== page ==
The inaugural Hot Springs Connection – a precedent-setting conference designed to build relationships, share ideas and promote thermal mineral water attractions in the U.S. – unleashed a torrent of interest and enthusiasm resulting in next steps to form a national geothermal trade association and develop a comprehensive website representing every hot springs entity from coast to coast.
Hot springs are a hot topic, it turns out. The first-ever Hot Springs Connection recently concluded its 3-day conference in Glenwood Springs, Colo. – a town that is home to three hot springs amenities of its own. The inaugural event welcomed 95 attendees from 14 states and three different continents – North America, Europe and Australia. In total, 36 hot springs facilities were represented, with 12 vendors, suppliers and consultants also attending.
“It’s astounding to me that no one had organized a conference specifically for commercial geothermal attractions. All the feedback I received told me there was an interest in pooling knowledge and working together as a business community,” said Vicky Nash, CEO and owner of Resort Trends, Inc., a Glenwood Springs firm specializing in hot springs marketing and tourism industry communications. “Geothermal springs offer a unique and highly sought-after visitor experience; they also have a sector-specific set of challenges that need to be addressed. Getting the nation’s geothermal stakeholders in the same room and talking with one another proved to be an invaluable experience for everyone involved.”
Scott Whitaker, Director of Operations at Glen Ivy Hot Springs in Corona, Calif., concurred. “I wasn’t sure what to expect before coming to the conference, but I am so happy I attended,” Whitaker said. “The amount of collaboration was inspiring, and I believe it got us all reenergized to continue to push for excellence in our field. Meeting people who have the same challenges and growing pains as we do makes us remember that it is worth it and provides a network of support that is invaluable. The only thing I would change next year is increasing the amount of time we have together. I am looking forward to a continued network of symbiotic relationships.”
Creating a strong collaborative network started on opening day of the Hot Springs Connection with attendees getting a rare, up-close look at the Glenwood Hot Springs Pool in an unusual state: drained and empty. Devoid of its over-one-million gallons of water, conference guests learned about the pool’s intensive cleaning and maintenance processes. Afterward, at a mixer prior to dinner at the historic Hotel Colorado, guests were invited to participate in a water tasting. Water sommelier Janet Abbot, of the Balneology Association of North America (BANA), guided tasters through a flight of waters sourced from the drinking springs in Manitou Springs, and one from a local spring. Throughout the afternoon, guests could also take tours of the Spa of the Rockies, an award-winning spa that incorporates geothermal water into many of its treatments and spa rituals.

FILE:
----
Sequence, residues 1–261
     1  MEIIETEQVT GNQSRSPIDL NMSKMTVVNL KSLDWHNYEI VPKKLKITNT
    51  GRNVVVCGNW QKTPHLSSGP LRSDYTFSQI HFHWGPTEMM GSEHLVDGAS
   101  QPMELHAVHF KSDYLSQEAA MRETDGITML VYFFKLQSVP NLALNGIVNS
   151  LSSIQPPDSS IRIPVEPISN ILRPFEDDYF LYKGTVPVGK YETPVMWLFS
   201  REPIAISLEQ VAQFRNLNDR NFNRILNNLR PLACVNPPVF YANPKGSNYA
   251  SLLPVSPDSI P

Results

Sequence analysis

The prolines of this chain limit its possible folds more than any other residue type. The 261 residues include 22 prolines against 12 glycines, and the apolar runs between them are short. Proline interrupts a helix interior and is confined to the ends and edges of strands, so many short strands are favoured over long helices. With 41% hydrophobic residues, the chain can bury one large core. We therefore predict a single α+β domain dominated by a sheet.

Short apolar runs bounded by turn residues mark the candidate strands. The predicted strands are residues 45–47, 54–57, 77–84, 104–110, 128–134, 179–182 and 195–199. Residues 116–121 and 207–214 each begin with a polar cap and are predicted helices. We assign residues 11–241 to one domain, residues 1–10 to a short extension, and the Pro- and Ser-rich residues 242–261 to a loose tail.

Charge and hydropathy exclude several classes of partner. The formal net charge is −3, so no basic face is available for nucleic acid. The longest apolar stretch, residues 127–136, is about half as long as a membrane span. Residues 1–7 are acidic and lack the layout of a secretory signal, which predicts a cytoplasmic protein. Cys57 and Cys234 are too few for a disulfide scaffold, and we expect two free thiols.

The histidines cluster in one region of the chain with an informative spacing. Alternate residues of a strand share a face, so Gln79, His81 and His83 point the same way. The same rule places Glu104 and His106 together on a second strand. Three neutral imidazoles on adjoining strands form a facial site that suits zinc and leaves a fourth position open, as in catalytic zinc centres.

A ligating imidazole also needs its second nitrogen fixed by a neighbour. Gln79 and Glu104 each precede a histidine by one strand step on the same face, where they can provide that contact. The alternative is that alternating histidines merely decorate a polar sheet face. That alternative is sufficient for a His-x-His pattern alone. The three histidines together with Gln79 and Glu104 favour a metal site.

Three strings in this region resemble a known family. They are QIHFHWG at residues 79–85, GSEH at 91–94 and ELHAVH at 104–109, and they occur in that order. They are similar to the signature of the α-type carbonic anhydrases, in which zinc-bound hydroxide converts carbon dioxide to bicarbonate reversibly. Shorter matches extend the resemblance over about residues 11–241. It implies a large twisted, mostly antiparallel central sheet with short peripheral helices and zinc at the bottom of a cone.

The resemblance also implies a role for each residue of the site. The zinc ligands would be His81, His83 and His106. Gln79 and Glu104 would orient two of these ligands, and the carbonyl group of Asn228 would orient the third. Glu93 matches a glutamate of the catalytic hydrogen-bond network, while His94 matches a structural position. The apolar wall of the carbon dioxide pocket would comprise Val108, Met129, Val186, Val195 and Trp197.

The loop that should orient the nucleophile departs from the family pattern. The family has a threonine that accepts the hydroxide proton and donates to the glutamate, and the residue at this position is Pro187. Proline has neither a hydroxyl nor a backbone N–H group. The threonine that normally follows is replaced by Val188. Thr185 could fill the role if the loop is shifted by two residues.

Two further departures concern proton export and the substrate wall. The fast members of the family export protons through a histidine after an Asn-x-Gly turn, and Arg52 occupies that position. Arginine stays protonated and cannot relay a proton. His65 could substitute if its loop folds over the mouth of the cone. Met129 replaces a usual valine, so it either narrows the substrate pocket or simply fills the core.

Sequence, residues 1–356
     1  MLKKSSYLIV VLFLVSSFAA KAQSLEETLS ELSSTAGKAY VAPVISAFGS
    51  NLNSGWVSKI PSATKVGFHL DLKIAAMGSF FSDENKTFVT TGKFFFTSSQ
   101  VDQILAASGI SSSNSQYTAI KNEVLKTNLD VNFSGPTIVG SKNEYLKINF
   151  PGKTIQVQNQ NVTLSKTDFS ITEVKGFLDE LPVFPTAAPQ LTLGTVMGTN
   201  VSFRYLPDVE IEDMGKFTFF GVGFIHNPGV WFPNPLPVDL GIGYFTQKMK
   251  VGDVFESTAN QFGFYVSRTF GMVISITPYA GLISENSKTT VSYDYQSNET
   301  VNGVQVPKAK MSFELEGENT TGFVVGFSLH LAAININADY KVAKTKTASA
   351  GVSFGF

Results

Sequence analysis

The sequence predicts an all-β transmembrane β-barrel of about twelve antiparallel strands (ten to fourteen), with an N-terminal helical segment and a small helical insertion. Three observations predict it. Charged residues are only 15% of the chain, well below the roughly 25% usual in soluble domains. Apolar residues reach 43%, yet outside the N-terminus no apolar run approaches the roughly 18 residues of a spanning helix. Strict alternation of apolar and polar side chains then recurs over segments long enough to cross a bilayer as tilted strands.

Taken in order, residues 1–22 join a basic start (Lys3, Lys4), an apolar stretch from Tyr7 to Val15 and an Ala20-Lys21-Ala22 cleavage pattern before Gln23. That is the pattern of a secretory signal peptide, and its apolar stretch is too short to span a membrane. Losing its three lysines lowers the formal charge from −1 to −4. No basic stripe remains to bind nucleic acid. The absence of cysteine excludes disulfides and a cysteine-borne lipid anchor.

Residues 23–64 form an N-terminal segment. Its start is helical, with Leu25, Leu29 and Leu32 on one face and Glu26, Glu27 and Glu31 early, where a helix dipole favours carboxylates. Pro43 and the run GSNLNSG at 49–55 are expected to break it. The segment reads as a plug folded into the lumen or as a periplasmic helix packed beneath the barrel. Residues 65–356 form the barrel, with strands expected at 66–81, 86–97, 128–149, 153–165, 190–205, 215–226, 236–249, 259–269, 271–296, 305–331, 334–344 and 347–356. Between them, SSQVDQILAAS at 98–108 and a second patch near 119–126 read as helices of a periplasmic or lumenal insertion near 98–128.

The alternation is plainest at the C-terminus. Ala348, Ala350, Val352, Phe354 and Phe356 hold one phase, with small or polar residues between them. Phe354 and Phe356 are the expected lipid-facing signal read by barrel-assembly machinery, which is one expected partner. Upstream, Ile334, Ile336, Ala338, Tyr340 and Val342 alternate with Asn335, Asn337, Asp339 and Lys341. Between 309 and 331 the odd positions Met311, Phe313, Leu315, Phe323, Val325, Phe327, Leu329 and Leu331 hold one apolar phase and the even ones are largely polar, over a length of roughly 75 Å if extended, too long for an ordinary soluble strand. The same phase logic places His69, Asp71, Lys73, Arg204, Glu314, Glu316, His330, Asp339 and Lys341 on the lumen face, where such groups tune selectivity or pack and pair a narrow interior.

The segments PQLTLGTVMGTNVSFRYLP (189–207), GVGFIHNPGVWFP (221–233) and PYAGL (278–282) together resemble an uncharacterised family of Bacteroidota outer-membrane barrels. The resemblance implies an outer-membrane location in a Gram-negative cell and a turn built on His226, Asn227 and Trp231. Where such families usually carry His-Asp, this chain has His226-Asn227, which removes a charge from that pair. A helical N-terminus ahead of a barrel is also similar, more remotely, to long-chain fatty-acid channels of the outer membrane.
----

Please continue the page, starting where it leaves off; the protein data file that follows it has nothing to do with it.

Highlights from the first full day of the conference featured guest speakers from across the spectrum. Topics included hydrothermal spa and wellness standards, the challenges of building a new hot springs and remodeling older facilities, education about balneology and geothermal bathing practices, elevating guest experiences through new technologies, vital components of a vibrant destination resort, geothermal legal challenges, hot springs architectural and landscape design, water quality and sanitation practices, water rights and permitting issues, the Global Wellness Institute’s Hot Springs Initiative and the success of the Colorado Historic Hot Springs Loop.
On the final day, attendees received access to exclusive, behind-the-scenes site tours of Glenwood Springs’ three hot springs attractions. Hoping that others can learn from their experiences, co-owners of Iron Mountain Hot Springs Steve Beckley and Mogli Cooper shared what worked and what didn’t as they built Colorado’s newest hot spring destination from the ground up in 2015. At Glenwood Hot Springs Resort, the world’s largest hot springs pool, facilities managers Brian Ammerman and Steve Matzl provided detailed information on a variety of topics, from ozonation to point-of-sale software. At the Yampah Spa & Vapor Caves, co-owner David Anselmo explained the property’s history and its connection with Native American culture, while co-owner Patsy Steele and her staff provided tours of the underground geothermal steam baths and the spa facilities.
During a forum discussion, attendees overwhelmingly decided that they wanted to move forward with the formation of a trade association to share information and resources, as well as create an entity to represent this geothermal industry sector in the U.S. and abroad. Nash will work closely with an association management company to begin the process of establishing a board of directors and bylaws. Additionally, her firm will begin creating a website and map to list every commercial hot spring in North America. Nash also plans to continue coordinating the conference in the future and, based on the success of the inaugural Hot Springs Connection, expects the number of attendees to grow.
The 2019 Hot Springs Connection will likely take place again in November, though dates and locations have yet to be determined. For inquiries, information, speaking opportunities and sponsorships visit www.hotspringsconnection.com.